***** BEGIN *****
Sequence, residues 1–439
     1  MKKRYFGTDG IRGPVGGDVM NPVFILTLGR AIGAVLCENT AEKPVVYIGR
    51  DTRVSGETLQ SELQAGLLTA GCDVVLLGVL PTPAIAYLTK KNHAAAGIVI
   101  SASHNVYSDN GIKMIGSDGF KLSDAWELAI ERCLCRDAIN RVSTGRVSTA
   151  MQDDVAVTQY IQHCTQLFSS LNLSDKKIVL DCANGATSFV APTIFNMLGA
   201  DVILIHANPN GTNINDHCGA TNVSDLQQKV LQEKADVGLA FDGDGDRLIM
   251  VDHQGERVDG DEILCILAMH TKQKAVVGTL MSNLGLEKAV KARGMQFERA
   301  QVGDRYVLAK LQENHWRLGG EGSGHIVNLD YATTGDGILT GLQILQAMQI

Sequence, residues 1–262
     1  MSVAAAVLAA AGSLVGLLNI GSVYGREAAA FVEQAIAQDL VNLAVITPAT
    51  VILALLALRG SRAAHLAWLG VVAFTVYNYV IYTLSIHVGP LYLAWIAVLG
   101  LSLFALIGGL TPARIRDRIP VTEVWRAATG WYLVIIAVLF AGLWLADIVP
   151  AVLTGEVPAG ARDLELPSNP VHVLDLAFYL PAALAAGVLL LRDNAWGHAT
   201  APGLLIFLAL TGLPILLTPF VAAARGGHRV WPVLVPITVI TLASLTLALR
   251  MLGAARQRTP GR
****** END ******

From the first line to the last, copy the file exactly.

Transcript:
Sequence, residues 1–439
     1  MKKRYFGTDG IRGPVGGDVM NPVFILTLGR AIGAVLCENT AEKPVVYIGR
    51  DTRVSGETLQ SELQAGLLTA GCDVVLLGVL PTPAIAYLTK KNHAAAGIVI
   101  SASHNVYSDN GIKMIGSDGF KLSDAWELAI ERCLCRDAIN RVSTGRVSTA
   151  MQDDVAVTQY IQHCTQLFSS LNLSDKKIVL DCANGATSFV APTIFNMLGA
   201  DVILIHANPN GTNINDHCGA TNVSDLQQKV LQEKADVGLA FDGDGDRLIM
   251  VDHQGERVDG DEILCILAMH TKQKAVVGTL MSNLGLEKAV KARGMQFERA
   301  QVGDRYVLAK LQENHWRLGG EGSGHIVNLD YATTGDGILT GLQILQAMQI

Sequence, residues 1–262
     1  MSVAAAVLAA AGSLVGLLNI GSVYGREAAA FVEQAIAQDL VNLAVITPAT
    51  VILALLALRG SRAAHLAWLG VVAFTVYNYV IYTLSIHVGP LYLAWIAVLG
   101  LSLFALIGGL TPARIRDRIP VTEVWRAATG WYLVIIAVLF AGLWLADIVP
   151  AVLTGEVPAG ARDLELPSNP VHVLDLAFYL PAALAAGVLL LRDNAWGHAT
   201  APGLLIFLAL TGLPILLTPF VAAARGGHRV WPVLVPITVI TLASLTLALR
   251  MLGAARQRTP GR